Res­cue Facts from Drown­ing

The Economic Times - - Breaking Ideas - Jayanta Bandy­opad­hyay & Ni­lan­jan Ghosh

There is a wide­spread pub­lic per­cep­tion in In­dia that the struc­tural in­ter­ven­tions in the Ti­betan Plateau by China on the Yar­lungTsangpo, a tribu­tary of the Brahma­pu­tra, will greatly re­duce the flow of the Brahma­pu­tra in down­stream North-East (N-E) In­dia.

State­ments of Chi­nese in­ter­ven­tions on the Yar­lung be­ing dan­ger­ous for In­dia have the po­ten­tial of gen­er­at­ing new points of con­tention in China-In­dia hy­dropol­i­tics. The con­tentions have been fur­ther in­ten­si­fied by the re­cent op­er­a­tional­i­sa­tion of the Zangmu hy­dro-power project on the Yar­lung. This project is ex­pected to pro­duce 2.5 bil­lion KWH of elec­tric­ity an­nu­ally. In 2016, five more hy­dropro­jects are pro­posed to be com­pleted on the river.

Un­doubt­edly, an es­ti­mated hy­dropower po­ten­tial of 114,000 MW of the Yar­lung is very lu­cra­tive for China in the con­text of mit­i­ga­tion of green­house gas (GHG) emis­sions. De­spite a lot of clam­our about such projects, hardly has there been an ob­jec­tive, sci­en­tific anal­y­sis of the is­sues. This has led to sen­sa­tional myths and claims, which de­serve to be re­viewed. The down­stream im­pacts of hy­dro-power and wa­ter trans­fer projects are quite dif­fer­ent and should be dis­tin­guished. The se­ries of projects un­der­taken by China on the Yar­lung and its trib­u­taries is re­port­edly for hy­dro-power gen­era- tion, which does not re­duce the to­tal flow but changes its hy­dro­graph (flow pat­tern). The im­pacts on the hy­dro­graphs of the Brahma­pu­tra will be gen­er­ated not merely from the hy­dro-projects on Yar­lung, but also from the down­stream projects on the same river Siang/Di­hang and the Dibang or the Luhit, all of which flow through In­dia.

As a trans-Hi­malayan tribu­tary, the Yar­lung is sub­stan­tially fed by snow and glacial melts, in ad­di­tion to rain­fall in semi-arid Ti­bet. A very large com­po­nent of the to­tal an­nual flow of the Brahma­pu­tra is gen­er­ated in the south­ern as­pect of the Hi­malaya in Bhutan and In­dia by trib­u­taries from the Buri Di­hing into the Teesta.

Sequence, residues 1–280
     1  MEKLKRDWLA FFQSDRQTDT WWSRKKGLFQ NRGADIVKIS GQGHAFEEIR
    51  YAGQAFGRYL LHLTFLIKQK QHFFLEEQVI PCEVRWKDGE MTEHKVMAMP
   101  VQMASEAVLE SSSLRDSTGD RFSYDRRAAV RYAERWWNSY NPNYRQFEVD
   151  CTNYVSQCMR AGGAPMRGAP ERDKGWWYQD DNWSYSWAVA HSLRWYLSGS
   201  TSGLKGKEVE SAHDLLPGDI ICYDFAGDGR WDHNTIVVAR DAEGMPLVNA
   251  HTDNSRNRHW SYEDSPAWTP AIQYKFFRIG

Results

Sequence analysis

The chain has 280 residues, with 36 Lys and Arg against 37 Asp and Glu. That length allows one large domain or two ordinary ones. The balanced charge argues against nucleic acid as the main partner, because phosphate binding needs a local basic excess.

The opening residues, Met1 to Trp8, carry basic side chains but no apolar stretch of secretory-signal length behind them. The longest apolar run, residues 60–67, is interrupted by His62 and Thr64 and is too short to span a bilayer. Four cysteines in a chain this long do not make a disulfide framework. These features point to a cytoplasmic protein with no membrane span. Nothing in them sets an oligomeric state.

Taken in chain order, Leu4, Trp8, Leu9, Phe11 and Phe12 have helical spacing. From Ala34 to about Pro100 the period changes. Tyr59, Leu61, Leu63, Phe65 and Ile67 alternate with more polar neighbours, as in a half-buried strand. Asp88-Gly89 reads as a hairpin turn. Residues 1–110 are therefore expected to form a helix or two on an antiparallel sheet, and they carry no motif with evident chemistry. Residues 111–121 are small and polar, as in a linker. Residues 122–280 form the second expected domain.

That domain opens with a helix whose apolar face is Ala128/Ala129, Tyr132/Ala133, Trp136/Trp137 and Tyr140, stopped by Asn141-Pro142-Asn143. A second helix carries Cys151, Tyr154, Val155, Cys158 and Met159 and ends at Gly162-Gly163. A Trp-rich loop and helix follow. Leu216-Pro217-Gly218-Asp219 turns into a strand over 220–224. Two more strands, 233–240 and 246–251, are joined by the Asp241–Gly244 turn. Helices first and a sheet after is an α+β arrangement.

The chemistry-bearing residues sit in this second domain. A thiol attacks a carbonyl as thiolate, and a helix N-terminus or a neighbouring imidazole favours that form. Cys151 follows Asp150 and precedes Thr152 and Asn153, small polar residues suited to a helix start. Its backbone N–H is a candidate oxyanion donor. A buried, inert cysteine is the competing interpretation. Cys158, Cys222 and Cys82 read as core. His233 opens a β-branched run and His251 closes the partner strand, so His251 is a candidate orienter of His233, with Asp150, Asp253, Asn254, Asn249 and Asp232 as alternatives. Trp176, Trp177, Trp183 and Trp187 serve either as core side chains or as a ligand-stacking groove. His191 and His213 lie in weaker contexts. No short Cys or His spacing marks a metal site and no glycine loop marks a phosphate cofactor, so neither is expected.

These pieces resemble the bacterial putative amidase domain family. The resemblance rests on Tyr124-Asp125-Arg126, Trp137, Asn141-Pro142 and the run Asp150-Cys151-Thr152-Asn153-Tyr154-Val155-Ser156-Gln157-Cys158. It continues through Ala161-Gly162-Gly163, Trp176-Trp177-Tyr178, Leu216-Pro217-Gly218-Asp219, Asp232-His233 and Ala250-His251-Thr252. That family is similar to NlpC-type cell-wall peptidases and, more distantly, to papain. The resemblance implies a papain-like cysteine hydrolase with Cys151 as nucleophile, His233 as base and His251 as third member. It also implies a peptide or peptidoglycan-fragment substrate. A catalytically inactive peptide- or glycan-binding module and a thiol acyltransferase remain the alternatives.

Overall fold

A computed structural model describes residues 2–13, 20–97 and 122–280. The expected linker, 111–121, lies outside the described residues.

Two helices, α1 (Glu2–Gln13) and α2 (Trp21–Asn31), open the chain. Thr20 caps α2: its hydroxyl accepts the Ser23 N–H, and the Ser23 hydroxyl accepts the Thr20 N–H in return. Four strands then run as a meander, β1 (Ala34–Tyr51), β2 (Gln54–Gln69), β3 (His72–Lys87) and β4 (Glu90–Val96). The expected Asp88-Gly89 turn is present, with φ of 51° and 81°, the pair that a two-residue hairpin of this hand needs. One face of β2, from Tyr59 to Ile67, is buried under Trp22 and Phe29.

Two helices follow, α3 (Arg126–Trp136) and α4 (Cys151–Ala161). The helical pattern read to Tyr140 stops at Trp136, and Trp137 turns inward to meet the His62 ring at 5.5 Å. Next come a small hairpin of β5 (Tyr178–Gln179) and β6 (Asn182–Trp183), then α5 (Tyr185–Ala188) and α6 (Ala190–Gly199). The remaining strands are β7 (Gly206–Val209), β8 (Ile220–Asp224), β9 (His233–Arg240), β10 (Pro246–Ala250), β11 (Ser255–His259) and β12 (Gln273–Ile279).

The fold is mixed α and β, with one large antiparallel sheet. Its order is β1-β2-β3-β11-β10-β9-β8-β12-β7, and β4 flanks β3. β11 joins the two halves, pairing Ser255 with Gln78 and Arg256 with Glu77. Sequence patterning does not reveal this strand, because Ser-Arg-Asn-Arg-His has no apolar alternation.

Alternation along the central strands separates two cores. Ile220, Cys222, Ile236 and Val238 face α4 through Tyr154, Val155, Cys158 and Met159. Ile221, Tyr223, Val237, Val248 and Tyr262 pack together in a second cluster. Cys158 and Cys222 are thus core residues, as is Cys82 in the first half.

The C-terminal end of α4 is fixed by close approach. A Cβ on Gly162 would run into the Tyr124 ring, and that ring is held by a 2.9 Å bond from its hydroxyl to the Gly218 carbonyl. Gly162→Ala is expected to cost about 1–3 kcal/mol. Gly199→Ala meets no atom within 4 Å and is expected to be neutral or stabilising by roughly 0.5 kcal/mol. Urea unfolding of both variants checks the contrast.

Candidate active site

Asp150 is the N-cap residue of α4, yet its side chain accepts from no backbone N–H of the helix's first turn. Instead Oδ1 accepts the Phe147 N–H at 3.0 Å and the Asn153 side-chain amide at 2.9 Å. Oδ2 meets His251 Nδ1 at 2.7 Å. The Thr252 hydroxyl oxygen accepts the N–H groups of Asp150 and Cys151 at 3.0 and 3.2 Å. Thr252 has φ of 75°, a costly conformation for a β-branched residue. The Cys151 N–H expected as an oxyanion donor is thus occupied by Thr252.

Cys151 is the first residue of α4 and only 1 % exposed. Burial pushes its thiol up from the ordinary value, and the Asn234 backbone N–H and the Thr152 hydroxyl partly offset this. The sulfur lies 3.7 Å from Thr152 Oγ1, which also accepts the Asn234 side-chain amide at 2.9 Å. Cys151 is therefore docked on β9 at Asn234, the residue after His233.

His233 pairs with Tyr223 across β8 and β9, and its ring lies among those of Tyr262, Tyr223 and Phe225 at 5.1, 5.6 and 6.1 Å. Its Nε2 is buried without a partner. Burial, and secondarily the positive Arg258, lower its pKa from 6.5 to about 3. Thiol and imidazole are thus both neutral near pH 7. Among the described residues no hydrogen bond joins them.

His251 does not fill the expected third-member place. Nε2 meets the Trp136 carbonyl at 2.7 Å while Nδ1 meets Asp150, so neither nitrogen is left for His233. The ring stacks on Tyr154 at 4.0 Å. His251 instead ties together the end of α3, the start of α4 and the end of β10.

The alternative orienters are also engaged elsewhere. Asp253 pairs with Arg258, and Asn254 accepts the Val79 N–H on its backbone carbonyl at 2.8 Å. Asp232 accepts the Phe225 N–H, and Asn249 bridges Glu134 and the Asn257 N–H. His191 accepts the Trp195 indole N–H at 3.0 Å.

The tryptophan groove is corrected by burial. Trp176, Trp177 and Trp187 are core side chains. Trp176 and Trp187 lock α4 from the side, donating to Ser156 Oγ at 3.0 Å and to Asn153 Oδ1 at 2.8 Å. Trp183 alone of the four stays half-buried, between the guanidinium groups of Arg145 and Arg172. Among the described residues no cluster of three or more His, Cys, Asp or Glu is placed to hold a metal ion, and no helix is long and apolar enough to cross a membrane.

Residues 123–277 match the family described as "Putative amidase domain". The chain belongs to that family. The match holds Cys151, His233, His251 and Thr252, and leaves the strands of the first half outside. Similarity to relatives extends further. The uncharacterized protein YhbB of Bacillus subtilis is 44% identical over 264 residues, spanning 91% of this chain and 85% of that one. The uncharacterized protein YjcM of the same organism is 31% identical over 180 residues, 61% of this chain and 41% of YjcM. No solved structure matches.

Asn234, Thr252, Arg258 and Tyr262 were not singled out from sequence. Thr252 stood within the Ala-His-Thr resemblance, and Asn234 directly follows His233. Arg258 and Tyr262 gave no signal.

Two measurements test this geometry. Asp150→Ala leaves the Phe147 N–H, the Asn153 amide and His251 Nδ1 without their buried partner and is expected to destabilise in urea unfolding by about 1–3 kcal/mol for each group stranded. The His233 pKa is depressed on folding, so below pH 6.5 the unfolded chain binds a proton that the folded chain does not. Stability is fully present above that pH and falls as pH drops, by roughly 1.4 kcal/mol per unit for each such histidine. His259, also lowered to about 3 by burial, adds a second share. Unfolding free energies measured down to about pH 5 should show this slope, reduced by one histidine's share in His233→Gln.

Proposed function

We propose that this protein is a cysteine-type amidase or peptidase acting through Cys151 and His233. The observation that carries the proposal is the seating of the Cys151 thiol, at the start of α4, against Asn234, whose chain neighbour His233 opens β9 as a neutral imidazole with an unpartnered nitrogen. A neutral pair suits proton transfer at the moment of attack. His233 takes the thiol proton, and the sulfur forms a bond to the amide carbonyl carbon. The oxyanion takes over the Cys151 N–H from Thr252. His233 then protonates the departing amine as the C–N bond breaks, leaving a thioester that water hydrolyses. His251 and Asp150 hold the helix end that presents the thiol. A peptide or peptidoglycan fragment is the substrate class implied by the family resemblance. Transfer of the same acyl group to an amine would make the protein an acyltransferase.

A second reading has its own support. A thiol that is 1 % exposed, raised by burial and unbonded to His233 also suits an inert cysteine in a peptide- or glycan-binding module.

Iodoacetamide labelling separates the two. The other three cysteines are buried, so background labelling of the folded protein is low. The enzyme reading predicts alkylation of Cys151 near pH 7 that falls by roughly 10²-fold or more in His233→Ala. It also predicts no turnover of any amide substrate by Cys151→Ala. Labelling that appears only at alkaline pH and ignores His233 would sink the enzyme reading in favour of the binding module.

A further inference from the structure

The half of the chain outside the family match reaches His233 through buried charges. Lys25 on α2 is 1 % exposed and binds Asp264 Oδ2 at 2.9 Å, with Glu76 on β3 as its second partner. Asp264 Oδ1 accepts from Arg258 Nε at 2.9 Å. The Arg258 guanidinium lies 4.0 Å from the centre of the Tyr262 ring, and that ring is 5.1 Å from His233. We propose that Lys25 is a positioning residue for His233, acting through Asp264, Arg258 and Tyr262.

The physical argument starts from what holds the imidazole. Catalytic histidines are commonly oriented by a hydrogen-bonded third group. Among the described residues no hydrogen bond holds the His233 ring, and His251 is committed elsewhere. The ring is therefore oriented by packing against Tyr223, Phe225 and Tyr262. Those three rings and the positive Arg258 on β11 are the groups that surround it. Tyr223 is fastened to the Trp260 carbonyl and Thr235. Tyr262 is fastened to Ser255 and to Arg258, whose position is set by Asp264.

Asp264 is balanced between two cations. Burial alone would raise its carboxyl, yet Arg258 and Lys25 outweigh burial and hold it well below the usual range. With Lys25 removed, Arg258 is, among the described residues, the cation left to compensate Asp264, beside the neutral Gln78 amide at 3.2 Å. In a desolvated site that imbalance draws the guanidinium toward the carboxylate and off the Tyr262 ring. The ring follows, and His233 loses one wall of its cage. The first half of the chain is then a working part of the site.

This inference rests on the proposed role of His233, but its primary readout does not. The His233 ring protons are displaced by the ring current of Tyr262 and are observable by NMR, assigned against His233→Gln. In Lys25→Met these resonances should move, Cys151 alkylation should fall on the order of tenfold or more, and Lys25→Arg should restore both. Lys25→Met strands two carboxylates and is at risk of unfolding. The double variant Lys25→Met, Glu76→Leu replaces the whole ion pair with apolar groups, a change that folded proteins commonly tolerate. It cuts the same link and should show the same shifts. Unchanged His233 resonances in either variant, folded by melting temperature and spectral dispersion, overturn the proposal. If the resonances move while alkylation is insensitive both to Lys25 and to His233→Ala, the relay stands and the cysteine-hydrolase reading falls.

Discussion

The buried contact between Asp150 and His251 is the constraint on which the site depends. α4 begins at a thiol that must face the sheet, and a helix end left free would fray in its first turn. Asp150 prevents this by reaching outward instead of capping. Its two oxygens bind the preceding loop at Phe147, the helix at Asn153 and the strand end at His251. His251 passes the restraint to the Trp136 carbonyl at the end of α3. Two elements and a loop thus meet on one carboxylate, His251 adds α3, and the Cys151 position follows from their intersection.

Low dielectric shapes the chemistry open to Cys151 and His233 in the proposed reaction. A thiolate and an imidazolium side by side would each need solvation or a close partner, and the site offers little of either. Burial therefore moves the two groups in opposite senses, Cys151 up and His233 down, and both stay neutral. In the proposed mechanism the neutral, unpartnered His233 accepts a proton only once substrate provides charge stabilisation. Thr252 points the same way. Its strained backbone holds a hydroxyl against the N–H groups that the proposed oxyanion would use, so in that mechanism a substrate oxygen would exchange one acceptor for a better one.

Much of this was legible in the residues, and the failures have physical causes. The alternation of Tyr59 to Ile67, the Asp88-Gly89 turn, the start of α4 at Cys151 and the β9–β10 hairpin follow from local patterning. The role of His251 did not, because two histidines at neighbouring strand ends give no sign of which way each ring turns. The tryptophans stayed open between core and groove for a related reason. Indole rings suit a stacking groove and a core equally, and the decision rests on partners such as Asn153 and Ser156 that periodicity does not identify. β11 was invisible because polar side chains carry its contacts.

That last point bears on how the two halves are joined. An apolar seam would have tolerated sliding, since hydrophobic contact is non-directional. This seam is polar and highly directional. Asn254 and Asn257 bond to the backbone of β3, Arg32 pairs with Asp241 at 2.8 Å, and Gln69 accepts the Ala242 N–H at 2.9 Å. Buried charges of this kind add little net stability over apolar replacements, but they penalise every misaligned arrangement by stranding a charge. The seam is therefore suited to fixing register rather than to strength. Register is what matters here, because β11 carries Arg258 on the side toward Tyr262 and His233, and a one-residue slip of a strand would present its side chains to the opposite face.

The to­tal an­nual out­flow of the Yar­lung from China is es­ti­mated to be about 31 bil­lion cu­bic me­tres (BCM), while the an­nual flow of the Brahma­pu­tra at Ba­hadurabad, the gaug­ing sta­tion near the end of the sub-basin in Bangladesh, is about 606 BCM. Thus, the con­tri­bu­tion of Ti­bet in the to­tal flow of the Brahma­pu­tra can be taken as about 5%.

Fur­ther, while the peak flows at Nuxia and Tsela Dzong, a mea­sur­ing sta­tion at the great bend of the Yar­lung in the Ti­betan plateau, are about 5,000 and 10,000 cumecs, the peak flow at Ba­hadurabad is ap­prox­i­mately 50,000 cumecs. The lean sea­son flow in Nuxia is to the tune of 500 cumecs, while the lean flow at Ba­hadurabad is about 5000 cumecs.

Th­ese fig­ures do not sup­port the lin­ear al­ge­braic think­ing that the flow in a river is pro­por­tional to its length in­side a country, as is per­ceived pop­u­larly -- given that out of the Brahma­pu­tra’s length of 2,880 km, 1,625 km in Ti­bet flows as the Yar­lung Tsangpo.

An­other point of con­cern re­lates to the im­pact of the projects on the sed­i­ment flow. The sed­i­ments of­fer im­mense ecosys­tem ser­vices for the down­stream economies of In­dia’s N-E states, and Bangladesh. The sed­i­ment flow to the down­stream will be im­pacted by all the hun­dreds of hy­dro-power projects on the river and trib­u­taries.

Most of th­ese are in In­dia. The projects around Zangmu in Ti­bet will also af­fect the flow of sed­i­ments, though sed­i­ment ex­clu­sion tech­nol­ogy has im­proved man­i­fold lately. Fur­ther, the ac­tual sed­i­ment flow into the Brahma­pu­tra will also be di­rectly linked with hy­dro-power projects on the Di­hang, the Dibang and the Luhit, in In­dia up­stream of the Sadiya. This is par­tic­u­larly due to the in­tense mon­soon pre­cip­i­ta­tion on the south­ern as­pect of the Hi­malaya.

While Nuxia (Ti­bet) on the Yar­lung re­ceives around 350 mm of rain­fall dur­ing mon­soon, as the Yar­lung crosses the Hi­malayan crest line and reaches the south­ern as­pect with the names of Siang and Di­hang, the an­nual pre­cip­i­ta­tion in Pasighat goes up to about 4500 mm. The flow vol­ume and dis­charge in the Yar­lung is not suf­fi­cient to gen­er­ate and trans­port a large sed­i­ment load.

More­over, the an­nual sus­pended sed­i­ment load near Nuxia has been mea­sured to be around 30 mil­lion met­ric tonnes, quite small as com­pared to the 735 mil­lion met­ric tonnes at Ba­hadurabad. How­ever, in case of hy­dro-power projects in the south­ern as­pect, sed­i­mentex­clud­ing tech­nol­ogy can play a sig­nif­i­cant role. With low wa­ter and sed­i­ment con­tri­bu­tion as com­pared to the south­ern as­pect, a wa­ter trans­fer project in the north­ern as­pect -even if con­structed at great eco­nomic and en­ergy cost -- can­not have se­ri­ous im­pacts down­stream. So, the dis­tinc­tion needs to be made not on the ba­sis of whether a project is Chi­nese or In­dian, but whether the project is on the north­ern or south­ern as­pect of the Hi­malaya. The cur­rent work­ing hy­poth­e­sis does not re­flect this sci­en­tific re­al­ity.

Bandy­opad­hyay is ex-pro­fes­sor, IIM Cal­cutta. Ghosh is se­nior eco­nomic ad­vi­sor, World Wide Fund for Na­ture, New Delhi

No moles in this moun­tain: Yar­lung-Tsangpo river, Ti­bet

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